Alumni Film Celebrates Conservation

Wednesday, Apr 21, 2021
Juilliard Journal
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Jennifer Smith, Nathan Hirschaut, and Treyden Chiaravalloti at the shore. They are sitting on a large log of driftwood and Chiaravalloti holds a movie camera on his lap
Jennifer Smith, founder of Community Carbon trees, with alums Nathan Hirschaut and Treyden Chiaravalloti in Costa Rica

Alumni film celebrates conservation and interdependence

A young girl helping to plant a tree feels a profound unity with the natural world. She asks her mother "Who taught the trees to grow?" and wonders who taught her to love. —alumnus Treyden Chiaravalloti, director of One Precious Life

One Precious Life, a 20-minute environmental art film that celebrates conservation and interdependence, was created by four alums and is being released on Earth Day. The brainchild of Nathan Hirschaut (BFA ’20, dance), it was directed by Treyden Chiaravalloti (BFA ’20, dance) and scored by Jonathan Miron (Pre-College ’10; BM ’14, MM ’18, violin) and Philip Sheegog (BM ’17, MM ’19, cello).

The project began a few years ago, when Hirschaut met Jennifer Smith, who created a nonprofit that works with communities around the globe to plant trees. After graduating, Hirschaut started working with other artists to create interdisciplinary, purpose-driven art. This video—which promotes sustainability and is their latest project—is a poetic narrative that tells the story of a little girl learning to live with the natural world. Proceeds from its showing will go toward the tree-planting initiative.

Adults are helping small children plant and water saplings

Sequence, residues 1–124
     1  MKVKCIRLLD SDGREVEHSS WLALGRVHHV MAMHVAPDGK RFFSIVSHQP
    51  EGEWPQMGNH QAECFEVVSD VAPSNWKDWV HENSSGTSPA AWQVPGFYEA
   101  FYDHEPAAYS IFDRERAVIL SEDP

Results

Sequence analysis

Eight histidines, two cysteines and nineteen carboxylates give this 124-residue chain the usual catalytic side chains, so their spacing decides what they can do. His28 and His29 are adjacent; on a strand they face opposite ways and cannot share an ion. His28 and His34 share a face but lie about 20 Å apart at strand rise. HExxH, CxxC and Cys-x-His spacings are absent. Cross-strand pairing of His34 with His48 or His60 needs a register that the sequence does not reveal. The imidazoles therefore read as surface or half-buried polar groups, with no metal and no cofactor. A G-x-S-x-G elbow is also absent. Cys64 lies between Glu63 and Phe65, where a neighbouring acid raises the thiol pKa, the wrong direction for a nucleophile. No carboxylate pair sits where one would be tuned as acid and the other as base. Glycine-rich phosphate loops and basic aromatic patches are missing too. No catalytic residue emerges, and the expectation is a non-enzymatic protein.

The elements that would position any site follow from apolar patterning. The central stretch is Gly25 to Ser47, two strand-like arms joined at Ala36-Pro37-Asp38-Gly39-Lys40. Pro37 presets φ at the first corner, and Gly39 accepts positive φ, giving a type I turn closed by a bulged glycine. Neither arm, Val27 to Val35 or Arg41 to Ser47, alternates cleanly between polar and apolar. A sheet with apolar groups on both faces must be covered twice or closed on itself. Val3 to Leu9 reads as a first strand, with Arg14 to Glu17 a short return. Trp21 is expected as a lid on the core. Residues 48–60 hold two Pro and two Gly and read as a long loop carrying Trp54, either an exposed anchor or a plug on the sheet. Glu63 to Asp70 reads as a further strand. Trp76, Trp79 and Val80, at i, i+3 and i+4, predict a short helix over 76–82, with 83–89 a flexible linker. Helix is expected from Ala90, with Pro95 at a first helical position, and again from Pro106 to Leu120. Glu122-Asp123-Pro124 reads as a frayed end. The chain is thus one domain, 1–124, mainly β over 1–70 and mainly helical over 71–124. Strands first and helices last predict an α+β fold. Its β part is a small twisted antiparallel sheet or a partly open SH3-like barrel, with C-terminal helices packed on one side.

'One Precious Life' is an environmental art film that celebrates conservation

“There was just something about hearing the story of one little seed turning into a forest that moved something in me,” Hirschaut said as he and Chiaravalloti were wrapping up the shooting.

Sheegog and Miron described their score for One Precious Life as an attempt to “walk the lines between waking and dreaming, material and transcendent, individual and universal.” To capture the film’s essence, they said, they employed “organic, acoustic strings to ethereal synths, spacious reverbs, and other aural elements.”

Hirschaut takes the themes of the global tree-planting initiative and of the film and extrapolates them to the larger world. “It’s diversity that makes a forest work, and at a time we’re so polarized, the message that what makes us different will make us grow is an important one. The more differences we can embrace and understand and cooperate with, the more rich a forest—and a life—we can have.”

>See the trailer and find out more about Hirschaut’s interdisciplinary collective, HIVE Creates, here; find out about Community Carbon Trees, the tree-planting initiative that inspired this film, here